10 Emerging Technologies in 2009

Intelligent Software Assistant

We take a look at the recent list of 10 emerging technologies published by the MIT (Massachusetts Institute of Technology) mouthpiece, Technology Review.

If Adam Cheyer has his way, the founder of an innovative Silicon Valley startup, SIRI could be an internet pioneer if he manages to create what he calls the "do engine", an online personal assistant that can do a lot more things rather than just throwing up search results. The project, which has military origins, is being now put to "civilian" use.

Human Genome Sequencing Gets Cheaper

BioNanomatrix, seems to believe in thinking big. The startup is planning to "simplify" and the entire Human Genome Mapping process and make it affordable. The aim is to bring the costs down to $100 levels, which sounds absurd considering the procedure currently costs over $1000. Nevertheless, the BioNanomatrix folks seem to have a trump card, a nanofluidic chip that will help cut costs and make the genome mapping process affordable to mere mortals. The eventuality of this could be "customized" medical treatment according to the patient's genetic profile.

More Memory, Less Space

Stuart Parkin, an ex IBM staffer has managed to develop this ultra dense memory chip, that incorporates the plus points of various technologies and amalgamates into one single chip. Using "nanowires" he has managed to create "Race Track Memory", a memory chip which combines the large capacity of a "normal" hard drive, the durability of electronic flash memory, and speed superior higher than either of these. We'll take two!

Biological Machines

Cyborgs are cool things. I mean they are almost robot like, but at the same time, are living beings with some chips and sensors here and there. Well, 2009 might just see the addition of newer cyborgs and insects that would literally dance to our tunes. Scientists at the University of California, Berkeley have managed to wire a flower beetle by implanting chips and electrodes to its body with which they and can control the insects flight path -- wirelessly.

Paper Diagnostics

This might just be one of those things that when you first hear about, you just stand there looking lost and awestruck. Apparently, Harvard University professor George Whitesides has developed unique techniques to perform diagnostic tests using nothing but paper. The somewhat weird looking contraptions you see in the image are actual diagnostic kits. Their way of working is even more fascinating!

Fluid Power! Here come Liquid Batteries

Donald Sadoway, an MIT Chemistry professor has developed a new kind of battery which is almost entirely liquid in nature/except for the enclosure maybe! Unlike the case of "normal" batteries, its electrodes are molten metals, and the electrolyte that conducts current between them is a molten salt. This results in an effective and long lasting battery that can far outperform any of its "solid" competition.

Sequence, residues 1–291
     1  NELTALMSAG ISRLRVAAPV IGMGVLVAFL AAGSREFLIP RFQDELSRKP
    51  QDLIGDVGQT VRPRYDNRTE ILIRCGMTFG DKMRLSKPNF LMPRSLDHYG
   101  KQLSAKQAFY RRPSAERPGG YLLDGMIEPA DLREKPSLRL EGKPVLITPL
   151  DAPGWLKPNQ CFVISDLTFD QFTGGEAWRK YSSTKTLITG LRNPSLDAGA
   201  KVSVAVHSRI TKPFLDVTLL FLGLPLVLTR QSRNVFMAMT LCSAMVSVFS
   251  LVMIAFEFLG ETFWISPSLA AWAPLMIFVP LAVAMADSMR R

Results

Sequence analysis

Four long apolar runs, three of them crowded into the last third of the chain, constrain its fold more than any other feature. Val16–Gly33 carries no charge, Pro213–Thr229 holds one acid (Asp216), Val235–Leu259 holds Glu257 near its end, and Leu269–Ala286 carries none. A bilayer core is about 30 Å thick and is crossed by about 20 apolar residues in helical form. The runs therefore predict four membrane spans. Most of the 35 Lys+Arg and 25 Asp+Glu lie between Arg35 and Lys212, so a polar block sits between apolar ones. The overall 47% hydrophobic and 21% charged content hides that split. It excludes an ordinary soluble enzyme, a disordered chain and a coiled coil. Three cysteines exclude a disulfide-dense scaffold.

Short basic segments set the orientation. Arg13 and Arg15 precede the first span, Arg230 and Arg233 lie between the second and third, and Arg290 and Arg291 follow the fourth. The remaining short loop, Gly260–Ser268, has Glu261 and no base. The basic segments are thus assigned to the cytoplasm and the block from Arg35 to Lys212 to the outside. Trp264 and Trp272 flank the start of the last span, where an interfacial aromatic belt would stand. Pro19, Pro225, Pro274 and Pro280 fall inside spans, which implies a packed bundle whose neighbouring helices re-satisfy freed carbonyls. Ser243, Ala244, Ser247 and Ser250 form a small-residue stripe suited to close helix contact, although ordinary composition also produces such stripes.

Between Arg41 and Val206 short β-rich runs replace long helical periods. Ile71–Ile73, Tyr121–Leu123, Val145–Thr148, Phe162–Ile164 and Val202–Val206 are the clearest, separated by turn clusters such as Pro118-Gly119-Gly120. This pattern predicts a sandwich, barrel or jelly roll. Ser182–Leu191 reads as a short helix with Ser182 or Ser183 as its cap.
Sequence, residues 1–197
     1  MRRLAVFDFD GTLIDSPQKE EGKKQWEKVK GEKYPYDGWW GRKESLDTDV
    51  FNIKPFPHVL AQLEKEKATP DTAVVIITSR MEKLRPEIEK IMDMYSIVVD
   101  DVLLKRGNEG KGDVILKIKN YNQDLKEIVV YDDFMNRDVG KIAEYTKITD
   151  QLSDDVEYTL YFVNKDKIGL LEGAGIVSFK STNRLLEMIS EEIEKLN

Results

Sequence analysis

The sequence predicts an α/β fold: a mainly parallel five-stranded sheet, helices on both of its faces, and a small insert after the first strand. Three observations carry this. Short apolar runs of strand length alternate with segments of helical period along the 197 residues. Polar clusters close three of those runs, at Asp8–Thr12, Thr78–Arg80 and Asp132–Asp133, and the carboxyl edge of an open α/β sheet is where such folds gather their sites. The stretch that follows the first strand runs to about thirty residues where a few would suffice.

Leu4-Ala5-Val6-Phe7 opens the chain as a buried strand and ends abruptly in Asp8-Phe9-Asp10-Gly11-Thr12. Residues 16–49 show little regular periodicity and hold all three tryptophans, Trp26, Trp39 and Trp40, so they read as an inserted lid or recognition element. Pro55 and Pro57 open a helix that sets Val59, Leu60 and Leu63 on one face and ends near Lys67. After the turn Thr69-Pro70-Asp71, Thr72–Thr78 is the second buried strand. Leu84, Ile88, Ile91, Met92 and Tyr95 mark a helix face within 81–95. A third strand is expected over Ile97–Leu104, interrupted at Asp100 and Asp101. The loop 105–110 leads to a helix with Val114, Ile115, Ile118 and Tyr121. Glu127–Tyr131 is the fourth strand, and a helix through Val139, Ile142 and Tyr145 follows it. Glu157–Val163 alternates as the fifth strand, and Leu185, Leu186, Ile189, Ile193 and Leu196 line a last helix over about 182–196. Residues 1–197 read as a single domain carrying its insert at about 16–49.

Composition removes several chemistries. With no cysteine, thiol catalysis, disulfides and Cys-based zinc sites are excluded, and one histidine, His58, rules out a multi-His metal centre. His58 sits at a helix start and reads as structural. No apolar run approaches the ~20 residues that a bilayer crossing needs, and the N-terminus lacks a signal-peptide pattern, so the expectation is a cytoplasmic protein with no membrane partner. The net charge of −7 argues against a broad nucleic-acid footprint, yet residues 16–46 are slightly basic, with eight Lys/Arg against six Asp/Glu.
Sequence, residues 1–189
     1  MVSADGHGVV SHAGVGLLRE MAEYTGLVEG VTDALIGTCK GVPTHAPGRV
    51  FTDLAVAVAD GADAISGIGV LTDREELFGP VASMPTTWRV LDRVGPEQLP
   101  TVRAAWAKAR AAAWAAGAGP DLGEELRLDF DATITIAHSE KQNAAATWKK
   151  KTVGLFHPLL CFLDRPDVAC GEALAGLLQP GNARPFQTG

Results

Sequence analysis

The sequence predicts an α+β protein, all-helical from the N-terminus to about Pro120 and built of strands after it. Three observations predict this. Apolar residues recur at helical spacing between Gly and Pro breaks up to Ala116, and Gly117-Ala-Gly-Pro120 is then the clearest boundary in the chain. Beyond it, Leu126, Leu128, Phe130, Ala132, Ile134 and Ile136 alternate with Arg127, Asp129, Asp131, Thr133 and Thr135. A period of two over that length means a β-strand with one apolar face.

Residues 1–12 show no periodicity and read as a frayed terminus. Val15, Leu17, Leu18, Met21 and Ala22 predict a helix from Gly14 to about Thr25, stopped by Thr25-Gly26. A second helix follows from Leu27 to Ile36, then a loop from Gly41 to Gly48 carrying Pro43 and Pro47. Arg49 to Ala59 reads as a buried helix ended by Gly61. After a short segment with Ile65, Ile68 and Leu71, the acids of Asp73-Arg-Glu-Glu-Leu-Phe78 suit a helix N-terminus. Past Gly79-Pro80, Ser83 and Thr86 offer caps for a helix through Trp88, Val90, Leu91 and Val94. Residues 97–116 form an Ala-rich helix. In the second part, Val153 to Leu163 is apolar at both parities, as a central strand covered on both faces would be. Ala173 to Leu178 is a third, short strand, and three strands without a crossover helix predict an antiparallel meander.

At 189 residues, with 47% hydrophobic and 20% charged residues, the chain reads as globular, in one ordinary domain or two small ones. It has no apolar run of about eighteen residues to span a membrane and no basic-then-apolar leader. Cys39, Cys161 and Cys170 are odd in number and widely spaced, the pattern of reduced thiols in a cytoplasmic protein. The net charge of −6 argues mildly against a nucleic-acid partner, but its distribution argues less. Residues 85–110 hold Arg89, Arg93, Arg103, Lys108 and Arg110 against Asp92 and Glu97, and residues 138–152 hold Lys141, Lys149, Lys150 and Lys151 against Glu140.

Traveling-Wave Reactors

Today's Nuclear Reactors are Enriched Uranium gobblers when you compare them to this new kind of reactor known as Traveling Wave Reactors. These reactors use very little Enriched Uranium and instead uses depleted-uranium fuel packed the reactor .The process of power generation does however require a small amount of enriched uranium to get started and could run for decades without the need for a refueling.


Gosh! You might have faced a tough time pronouncing that. Well Nano whatever that is, is a new branch of nanotechnology that deals with tiny things on a large scale, you know, tiny electrical sensors, circuits and implantable medical instruments that you might face difficulty making out even under a microscope.


Most users around the globe do not have the luxury of browsing at breakneck speeds. For most of them, getting to open even a single page on a website constitutes an achievement. Internet access is important - but what use is it if it just does not serve the purpose? Vivek Pai, a computer scientist at Princeton University has developed this low-cost, low-power HashCache technology that will help users with slow internet connections to browse content as much as 4 times faster than normal.

Software-Defined Networking

Nick McKeown of Stanford University and friends have managed to create a new standard called OpenFlow that helps researchers to define data flows across large networks using software-something that was unthinkable till now thanks to various limitations in the form of locked software and intellectual property related issues from large corporations. With this software, they hope to speed up the Internet.

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